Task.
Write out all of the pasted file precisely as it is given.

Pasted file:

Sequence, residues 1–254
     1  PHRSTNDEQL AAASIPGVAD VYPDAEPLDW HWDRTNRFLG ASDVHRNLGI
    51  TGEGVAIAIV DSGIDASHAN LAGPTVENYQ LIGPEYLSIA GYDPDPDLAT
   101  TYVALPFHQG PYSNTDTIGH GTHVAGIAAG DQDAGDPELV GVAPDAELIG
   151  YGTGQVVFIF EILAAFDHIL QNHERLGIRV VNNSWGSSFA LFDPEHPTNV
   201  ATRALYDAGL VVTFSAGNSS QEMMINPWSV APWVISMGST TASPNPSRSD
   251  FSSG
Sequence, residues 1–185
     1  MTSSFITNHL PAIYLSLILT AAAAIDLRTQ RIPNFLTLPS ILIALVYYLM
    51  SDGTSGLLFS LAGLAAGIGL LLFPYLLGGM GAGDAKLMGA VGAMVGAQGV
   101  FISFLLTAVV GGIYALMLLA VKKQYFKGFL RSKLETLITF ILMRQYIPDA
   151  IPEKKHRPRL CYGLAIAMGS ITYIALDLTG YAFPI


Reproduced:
Sequence, residues 1–254
     1  PHRSTNDEQL AAASIPGVAD VYPDAEPLDW HWDRTNRFLG ASDVHRNLGI
    51  TGEGVAIAIV DSGIDASHAN LAGPTVENYQ LIGPEYLSIA GYDPDPDLAT
   101  TYVALPFHQG PYSNTDTIGH GTHVAGIAAG DQDAGDPELV GVAPDAELIG
   151  YGTGQVVFIF EILAAFDHIL QNHERLGIRV VNNSWGSSFA LFDPEHPTNV
   201  ATRALYDAGL VVTFSAGNSS QEMMINPWSV APWVISMGST TASPNPSRSD
   251  FSSG
Sequence, residues 1–185
     1  MTSSFITNHL PAIYLSLILT AAAAIDLRTQ RIPNFLTLPS ILIALVYYLM
    51  SDGTSGLLFS LAGLAAGIGL LLFPYLLGGM GAGDAKLMGA VGAMVGAQGV
   101  FISFLLTAVV GGIYALMLLA VKKQYFKGFL RSKLETLITF ILMRQYIPDA
   151  IPEKKHRPRL CYGLAIAMGS ITYIALDLTG YAFPI